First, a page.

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  1. 1. International Journal of Modern Engineering Research (IJMER) Vol.2, Issue.4, July-Aug. 2012 pp-1883-1887 ISSN: 2249-6645 Drought Investigation for Crop Planning in Gagar Watershed in Kumaon Region of Uttarakhand P. D. Aher1, K. K. Singh2, H. C. Sharma2 1 Junior Research Fellow, Department of Irrigation & Drainage Engineering, G.B. Pant University of Agriculture and Technology, Pantnagar-263145, Uttarakhand, India 2 Professor, Department of Irrigation & Drainage Engineering, G.B. Pant University of Agriculture and Technology, Pantnagar-263145, Uttarakhand, IndiaABSTRACT: Water scarcity is a burning problem for the hill agrarians, as the same is limited particularly during dryperiod and no irrigation facilities are available except in the valleys where it is possible with perennial water sources.Usually, downstream reaches of the hilly region faces the flood during the monsoon season and drought during the non-monsoon season due to the available topographical variation. Therefore, in this region rainfall amount, variability anddistribution pattern plays a vital role in pragmatic planning and management of natural resources. Considering all pointsand the indispensable role of water in domestic purpose, agriculture, horticulture, animal husbandry, fisheries and forestry,etc., drought analysis of Gagar watershed located in Nainital district of Uttarakhand, have been statistically accomplished.Weekly rainfall data was observed to be more useful for planning of irrigation schemes, cropping patterns, design of naturalresources conservation and management measures so as to mitigate situations like flood, and managing harvested rainfall indrought conditions.Key words: Rainfall behaviour, Drought Investigation, Kumaon region, Crop planning, Watershed management I. INTRODUCTION Rainfall plays significant role in deciding the severity of drought prone area in a particular region. In a rainfedfarming region, the crop irrigation scheduling is also preferred by analysing the pattern of rainfall in a season. Various waterconservation techniques such as rain water harvesting, rainfall cistern system, etc. are all rainfall dependent. Therefore, forimplementation of preferential conservation measures, it is essential to study rainfall behaviour in terms of information onrainfall amount, duration and intensity of drought. Rainfall trend analysis performed from past records of rainfall can be usedto generate future scenarios of rainfall occurrence and could be useful particularly in rainfed farming areas. Sharma et al. (1979) analysed annual, seasonal, monthly and weekly rainfall data of Pantnagar. They reported thatweekly data of rainfall was found to be more useful than monthly, seasonal or annual data for planning of croppingprogramme as well as for water management practices Bertoni et al. (1992) studied on rainfall-based real-time floodforecasting. A conceptual rainfall-runoff model (IPH-II) for real time flood forecasting and a simplified stochastic model.The methods were tested using data from a small watershed (the river Ray at Grendon Underwood, UK), for which 17 yearsof records were available. The results showed that a simple method used to forecast rain falling during the next few hours,might help to improve real-time discharge estimates. Suresh et al. (1993) conducted a study at Pusa (Bihar) for rainfall dataof 26 years (1969-1985) by including characteristics and variation in rainfall with respect to normal, abnormal and droughtmonths in a year by using Weibulls method and reported that at 90 per cent probability level the expected annual rainfallobtained was below the drought level and during Rabi season there was hazardous distribution of rainfall. Subudhi et al.(1996) analysed 28 years’ rainfall data at Phulbani and based on probability analysis, suggested the crop varieties withgrowing period of four months from June to September for Phulbani under rainfed conditions. In this paper an attempt hasbeen made to carry out the probability drought analysis on the basis of weekly rainfall data for Gagar watershed ofUttarakhand. II. MATERIALS AND METHODS Drought is the period of abnormal dry weather condition / deficit rainfall resulting in moisture stress condition andhydrological disparity of the system It is one of the important parameter for planning and management of various sectorssuch as agriculture, industrial, domestic, etc. particularly, in rainfed and water scarce region. In this research an attempt hasbeen made to investigate the drought over the Gagar watershed located in Kumaon region of Uttarakhand.A. Study Area The study area i.e. Gagar watershed consists the Research Station of Govind Ballabh Pant University of Agricultureand Technology, Pantnagar and nearby area, forming the watershed, which is located near Bhowali in Nainital district ofUttarankhand state in India as shown in Fig 1. The watershed, covering an area of 603.02 ha is located between 79 0 31’ 43”E to 790 33’ 24” E longitude and 290 24’ 38” N to 290 26’ 43” N latitude. The elevation varied from 1413 to 2380 m abovemean sea level (MSL). Slope, drainage, shade cast etc. are the important elements of topography. There was a lot of variation in thetopography of the study area. In conformity with the dramatic altitudinal and climatic differences, the region supportedvariety of forest ecosystems. Mixed forests predominated in the area. The land slope varied from 2 to 75%. The soils of theGagar watershed varied from extremely acidic to medium acidic with high organic matter content. These soils were fairly 1883 | Page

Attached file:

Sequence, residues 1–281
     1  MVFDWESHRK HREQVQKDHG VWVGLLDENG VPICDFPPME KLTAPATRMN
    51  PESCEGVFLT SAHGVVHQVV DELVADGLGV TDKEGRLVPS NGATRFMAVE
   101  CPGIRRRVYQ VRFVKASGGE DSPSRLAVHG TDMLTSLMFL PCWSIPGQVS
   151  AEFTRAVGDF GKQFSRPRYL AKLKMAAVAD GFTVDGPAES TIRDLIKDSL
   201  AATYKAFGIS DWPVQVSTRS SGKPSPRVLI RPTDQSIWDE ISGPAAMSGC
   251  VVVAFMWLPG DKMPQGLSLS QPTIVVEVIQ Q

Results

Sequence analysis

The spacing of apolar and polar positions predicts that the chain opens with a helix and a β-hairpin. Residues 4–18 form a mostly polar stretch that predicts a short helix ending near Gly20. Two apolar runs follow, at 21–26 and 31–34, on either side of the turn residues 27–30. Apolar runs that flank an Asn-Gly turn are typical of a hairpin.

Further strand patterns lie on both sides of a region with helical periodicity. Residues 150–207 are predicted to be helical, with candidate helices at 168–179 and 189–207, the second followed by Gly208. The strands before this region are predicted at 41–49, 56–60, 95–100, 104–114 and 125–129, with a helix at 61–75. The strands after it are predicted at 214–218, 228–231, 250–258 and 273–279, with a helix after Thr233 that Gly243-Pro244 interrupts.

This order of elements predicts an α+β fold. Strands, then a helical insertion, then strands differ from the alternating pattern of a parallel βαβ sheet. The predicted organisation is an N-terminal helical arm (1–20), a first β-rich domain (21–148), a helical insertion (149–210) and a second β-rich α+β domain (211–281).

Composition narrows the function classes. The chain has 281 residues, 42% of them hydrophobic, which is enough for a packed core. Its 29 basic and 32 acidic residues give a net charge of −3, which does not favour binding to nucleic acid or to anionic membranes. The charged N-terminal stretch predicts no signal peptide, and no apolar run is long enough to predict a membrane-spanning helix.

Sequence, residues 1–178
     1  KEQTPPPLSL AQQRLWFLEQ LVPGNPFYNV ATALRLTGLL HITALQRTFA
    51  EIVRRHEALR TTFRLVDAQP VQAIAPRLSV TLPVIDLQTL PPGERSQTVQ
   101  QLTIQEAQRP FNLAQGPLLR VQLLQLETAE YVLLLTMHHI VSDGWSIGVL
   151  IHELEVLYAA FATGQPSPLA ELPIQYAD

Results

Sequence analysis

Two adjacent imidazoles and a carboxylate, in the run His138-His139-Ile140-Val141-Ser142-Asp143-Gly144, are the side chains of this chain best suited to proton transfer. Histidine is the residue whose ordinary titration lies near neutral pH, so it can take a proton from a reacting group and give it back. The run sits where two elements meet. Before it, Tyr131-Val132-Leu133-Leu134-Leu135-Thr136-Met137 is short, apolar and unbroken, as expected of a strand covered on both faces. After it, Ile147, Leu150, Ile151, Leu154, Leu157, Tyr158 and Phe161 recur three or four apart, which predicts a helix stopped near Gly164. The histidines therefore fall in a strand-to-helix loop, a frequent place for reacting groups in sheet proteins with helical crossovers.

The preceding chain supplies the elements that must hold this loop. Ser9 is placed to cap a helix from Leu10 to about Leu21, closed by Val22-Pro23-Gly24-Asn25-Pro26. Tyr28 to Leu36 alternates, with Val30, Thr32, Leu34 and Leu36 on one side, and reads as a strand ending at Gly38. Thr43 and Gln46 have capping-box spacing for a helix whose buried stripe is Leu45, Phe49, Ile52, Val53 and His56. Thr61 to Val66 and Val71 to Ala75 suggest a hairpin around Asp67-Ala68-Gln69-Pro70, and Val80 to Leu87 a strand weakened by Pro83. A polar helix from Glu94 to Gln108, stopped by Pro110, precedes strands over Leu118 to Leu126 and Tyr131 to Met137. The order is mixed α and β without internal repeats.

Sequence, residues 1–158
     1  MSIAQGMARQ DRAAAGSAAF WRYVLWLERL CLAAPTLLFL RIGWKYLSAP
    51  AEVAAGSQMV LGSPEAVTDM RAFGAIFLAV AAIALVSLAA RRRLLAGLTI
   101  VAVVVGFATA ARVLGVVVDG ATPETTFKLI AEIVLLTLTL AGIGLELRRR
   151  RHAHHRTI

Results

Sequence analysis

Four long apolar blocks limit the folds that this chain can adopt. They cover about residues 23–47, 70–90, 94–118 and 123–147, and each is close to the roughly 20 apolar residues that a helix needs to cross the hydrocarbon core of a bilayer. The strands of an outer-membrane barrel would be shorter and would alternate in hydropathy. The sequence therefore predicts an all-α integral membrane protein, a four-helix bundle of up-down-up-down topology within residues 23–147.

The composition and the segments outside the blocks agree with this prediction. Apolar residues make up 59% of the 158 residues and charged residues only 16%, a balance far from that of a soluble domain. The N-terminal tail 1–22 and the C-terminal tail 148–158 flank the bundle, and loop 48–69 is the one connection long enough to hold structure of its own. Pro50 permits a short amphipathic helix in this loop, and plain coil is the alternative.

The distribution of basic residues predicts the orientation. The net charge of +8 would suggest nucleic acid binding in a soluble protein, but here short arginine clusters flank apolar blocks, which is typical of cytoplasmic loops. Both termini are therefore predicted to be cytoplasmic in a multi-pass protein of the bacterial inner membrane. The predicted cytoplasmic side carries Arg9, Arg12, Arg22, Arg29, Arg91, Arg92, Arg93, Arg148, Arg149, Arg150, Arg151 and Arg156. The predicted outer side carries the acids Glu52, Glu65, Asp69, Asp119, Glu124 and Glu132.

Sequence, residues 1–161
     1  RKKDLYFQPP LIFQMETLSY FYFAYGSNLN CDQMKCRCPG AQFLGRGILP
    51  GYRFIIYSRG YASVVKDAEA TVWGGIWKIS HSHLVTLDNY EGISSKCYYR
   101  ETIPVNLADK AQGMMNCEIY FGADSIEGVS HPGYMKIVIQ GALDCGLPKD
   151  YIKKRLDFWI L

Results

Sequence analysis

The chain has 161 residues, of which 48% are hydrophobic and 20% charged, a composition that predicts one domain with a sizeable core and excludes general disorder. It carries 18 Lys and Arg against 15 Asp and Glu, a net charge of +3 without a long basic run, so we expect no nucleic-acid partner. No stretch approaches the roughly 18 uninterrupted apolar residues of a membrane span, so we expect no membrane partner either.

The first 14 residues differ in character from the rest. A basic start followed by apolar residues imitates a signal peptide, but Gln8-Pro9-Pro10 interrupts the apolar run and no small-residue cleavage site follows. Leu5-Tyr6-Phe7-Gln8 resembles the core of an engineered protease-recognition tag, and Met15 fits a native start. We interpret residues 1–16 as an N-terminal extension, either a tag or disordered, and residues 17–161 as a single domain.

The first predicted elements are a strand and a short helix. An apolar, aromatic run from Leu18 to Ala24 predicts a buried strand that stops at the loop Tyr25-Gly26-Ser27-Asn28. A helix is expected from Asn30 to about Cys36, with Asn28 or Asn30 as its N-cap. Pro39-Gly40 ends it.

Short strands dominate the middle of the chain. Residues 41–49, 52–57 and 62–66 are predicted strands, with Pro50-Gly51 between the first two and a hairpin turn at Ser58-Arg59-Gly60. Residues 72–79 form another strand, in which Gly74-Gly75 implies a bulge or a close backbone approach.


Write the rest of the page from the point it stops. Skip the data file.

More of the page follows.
2. 2. International Journal of Modern Engineering Research (IJMER) Vol.2, Issue.4, July-Aug. 2012 pp-01-05 ISSN: 2249-6645deep and moderately permeable. Very strongly acidic to medium acidic soils were also found at higher elevations, whererainfall was high and strong enough to leach down the bases from the soil minerals under temperate climatic conditions. The climate of the region was humid temperate but variations existed which largely depend upon the altitude andgeological differences. The most common factors which lead to the development of microclimate were altitude, aspect, slope,drainage condition, vegetation etc. The valleys were hot in summer and cold in winter. The minimum temperature of the areawas found to be - 4o C in the month of January and maximum temperature was 41 o C in the month of May. The averagerainfall in the study area was found to be 1040 mm, of which 70 to 80 per cent was received between June to September.With further increase in elevation, rainfall tended to decrease. Fig. 1. Drought-rainfall distribution at Gagar watershed Directional aspect played very important role in the development of vegetation, particularly at higher altitudes.Southern aspect was exposed to more insolation. The insolation on southern aspect was about 1.5 to 2.4 times higher thanthat of northern aspect. East and west aspects though received an equal amount of insolation; eastern aspect received thehighest insolation during morning, before the air temperature becomes fully warm. Western aspects were comparativelyhotter and drier than eastern aspects. The difference in the temperature on different aspects of the hills was the result ofdifference in insolation. The southern aspect was warmest and northern aspect was the coolest. Aspect plays an importantrole in receiving the rainfall and snowfall. Soil formation is also effected by it.Drought Analysis Rainfall data were collected from Agro meteorological Observatory of G. B. Pant University of Agriculture andTechnology located at Gagar, Nainital, Uttarakhand which covers the study region of Gagar watershed. The data wereorganized in to 52 standard meteorological weeks in which each year, 8 days were counted in 52nd meteorological week andin 9th meteorological week in case of leap years and analysed for their yearly, monthly and weekly behaviour. In this research, the monthly and yearly total rainfall was determined for each year. The monthly and yearly eventswere then classified as drought, normal and surplus using the following criteria.  Drought Month: The month was classified as drought month in which precipitation received was less than 50 per cent of average monthly rainfall.  Surplus Month: The month was classified as surplus month in which precipitation received was more than twice of average monthly rainfall.  Normal Month: The month was classified as normal month in which precipitation received was in between 50 per cent and 200 per cent of average monthly rainfall.  Drought Year: The year was classified as drought year in which precipitation received was less than or equal to x − σ, where x is mean annual precipitation and σ is standard deviation. 1884 | Page